- Karl Marx, Economic and Philosophical Manuscripts (1844)
h/t @optionalapocalypse, extracted the link from our conversation some time ago and just posting it separately.
[T]he notion that Marxism is itself a kind of religion is one of the principal arguments of the anti-Communist arsenal; the idea, no doubt, is that it is shamefaced religion, a religion which does not wish to know its own name. Yet it has always seemed to me a peculiar reproach, one which cuts…
- Mariarosa Dalla Costa, Capitalism and Reproduction (via howtotalktogirlsdialectically)
Replaced the old links and added a couple pdfs I thought were relevant.
You are the absolute best!!!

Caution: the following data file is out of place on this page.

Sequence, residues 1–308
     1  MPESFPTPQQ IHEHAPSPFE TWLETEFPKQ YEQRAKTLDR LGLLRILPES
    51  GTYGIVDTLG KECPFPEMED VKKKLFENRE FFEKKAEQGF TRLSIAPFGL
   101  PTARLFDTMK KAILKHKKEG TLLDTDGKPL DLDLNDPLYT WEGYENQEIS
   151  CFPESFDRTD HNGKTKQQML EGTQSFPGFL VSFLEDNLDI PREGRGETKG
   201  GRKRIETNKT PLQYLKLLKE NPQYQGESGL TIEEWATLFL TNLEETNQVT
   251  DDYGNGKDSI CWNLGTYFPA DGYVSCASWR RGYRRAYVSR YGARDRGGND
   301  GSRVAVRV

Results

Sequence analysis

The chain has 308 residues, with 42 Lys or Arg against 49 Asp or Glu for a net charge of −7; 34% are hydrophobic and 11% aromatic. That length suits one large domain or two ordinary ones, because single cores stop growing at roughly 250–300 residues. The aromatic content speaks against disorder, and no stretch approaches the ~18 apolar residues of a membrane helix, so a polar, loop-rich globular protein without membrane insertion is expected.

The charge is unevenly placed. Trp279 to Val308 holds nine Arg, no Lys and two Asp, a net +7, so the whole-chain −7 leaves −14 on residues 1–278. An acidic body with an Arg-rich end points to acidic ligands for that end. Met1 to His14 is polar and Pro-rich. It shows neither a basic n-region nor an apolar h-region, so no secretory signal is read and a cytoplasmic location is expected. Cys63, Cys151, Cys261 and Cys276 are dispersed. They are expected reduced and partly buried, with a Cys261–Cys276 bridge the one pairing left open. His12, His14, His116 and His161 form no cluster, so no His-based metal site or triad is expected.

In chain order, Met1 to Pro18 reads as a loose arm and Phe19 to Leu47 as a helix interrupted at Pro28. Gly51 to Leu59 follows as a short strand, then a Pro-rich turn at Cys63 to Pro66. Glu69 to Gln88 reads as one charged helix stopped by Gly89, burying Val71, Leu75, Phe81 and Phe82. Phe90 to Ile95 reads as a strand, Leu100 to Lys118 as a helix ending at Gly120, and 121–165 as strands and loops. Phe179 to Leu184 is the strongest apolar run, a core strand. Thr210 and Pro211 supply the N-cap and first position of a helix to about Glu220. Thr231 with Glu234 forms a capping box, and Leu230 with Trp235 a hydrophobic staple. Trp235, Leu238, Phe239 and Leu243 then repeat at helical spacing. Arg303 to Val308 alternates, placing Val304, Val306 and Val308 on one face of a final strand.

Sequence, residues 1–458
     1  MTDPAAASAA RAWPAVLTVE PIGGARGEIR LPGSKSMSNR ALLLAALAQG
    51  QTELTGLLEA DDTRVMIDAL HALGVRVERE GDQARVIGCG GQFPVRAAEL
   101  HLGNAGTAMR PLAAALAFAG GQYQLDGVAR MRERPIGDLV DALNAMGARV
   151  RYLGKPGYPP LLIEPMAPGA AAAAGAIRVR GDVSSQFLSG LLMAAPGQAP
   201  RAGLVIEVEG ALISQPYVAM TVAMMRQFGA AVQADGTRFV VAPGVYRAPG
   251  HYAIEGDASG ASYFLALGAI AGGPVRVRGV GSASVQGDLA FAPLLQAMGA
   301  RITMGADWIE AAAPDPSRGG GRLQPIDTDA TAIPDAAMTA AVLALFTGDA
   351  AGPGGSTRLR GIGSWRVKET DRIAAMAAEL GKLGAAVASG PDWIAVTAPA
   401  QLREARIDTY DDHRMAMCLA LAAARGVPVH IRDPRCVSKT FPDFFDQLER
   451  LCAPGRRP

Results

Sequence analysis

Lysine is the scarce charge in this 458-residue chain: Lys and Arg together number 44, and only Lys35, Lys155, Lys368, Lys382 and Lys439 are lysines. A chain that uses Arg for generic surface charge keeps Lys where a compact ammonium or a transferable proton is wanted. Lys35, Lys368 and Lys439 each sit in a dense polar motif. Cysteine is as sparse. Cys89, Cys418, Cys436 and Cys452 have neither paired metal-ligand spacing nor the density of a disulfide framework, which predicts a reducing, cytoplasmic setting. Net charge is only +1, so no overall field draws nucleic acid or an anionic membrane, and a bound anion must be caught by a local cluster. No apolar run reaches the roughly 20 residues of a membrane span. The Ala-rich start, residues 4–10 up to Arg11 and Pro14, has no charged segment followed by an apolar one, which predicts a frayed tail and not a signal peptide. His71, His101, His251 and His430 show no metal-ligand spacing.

As social movements waned in the late 70s, the study of Marx seemed to take on a life of its own. Structuralist, post-structuralist, deconstructed Marxes bloomed in journals and seminar rooms across the US and Europe. These Marxes and their interpreters struggled to interpret the world, and sometimes to interpret Marx himself, losing sight at times of his dictum that the challenge is not to interpret the world but to change it. In 1979, Harry Cleaver tossed an incendiary device called Reading Capital Politically into those seminar rooms. Through a close reading of the first chapter, he shows that Das Kapital was written for the workers, not for academics, and that we need to expand our idea of workers to include housewives, students, the unemployed, and other non-waged workers. Reading Capital Politically provides a theoretical and historical bridge between struggles in Europe in the 60s and 70s and, particularly, the Autonomia of Italy to the Zapatistas of the 90s. His introduction provides a brilliant and succinct overview of working class struggles in the century since Capital was published.